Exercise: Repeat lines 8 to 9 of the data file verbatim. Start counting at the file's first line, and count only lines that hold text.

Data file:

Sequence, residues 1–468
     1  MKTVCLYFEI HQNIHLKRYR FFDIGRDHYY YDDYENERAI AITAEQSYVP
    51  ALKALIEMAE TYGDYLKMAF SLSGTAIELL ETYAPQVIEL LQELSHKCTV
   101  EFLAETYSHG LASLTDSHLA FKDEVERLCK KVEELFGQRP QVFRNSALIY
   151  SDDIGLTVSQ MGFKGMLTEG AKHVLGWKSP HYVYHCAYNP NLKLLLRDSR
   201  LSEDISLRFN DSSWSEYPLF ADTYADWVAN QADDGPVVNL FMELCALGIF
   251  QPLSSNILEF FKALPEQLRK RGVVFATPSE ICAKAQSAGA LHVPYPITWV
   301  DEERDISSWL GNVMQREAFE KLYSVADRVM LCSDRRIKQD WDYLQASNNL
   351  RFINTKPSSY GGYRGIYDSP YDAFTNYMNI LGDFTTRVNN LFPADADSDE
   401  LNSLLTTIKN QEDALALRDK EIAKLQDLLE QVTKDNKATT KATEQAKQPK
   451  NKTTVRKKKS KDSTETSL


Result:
   301  DEERDISSWL GNVMQREAFE KLYSVADRVM LCSDRRIKQD WDYLQASNNL
   351  RFINTKPSSY GGYRGIYDSP YDAFTNYMNI LGDFTTRVNN LFPADADSDE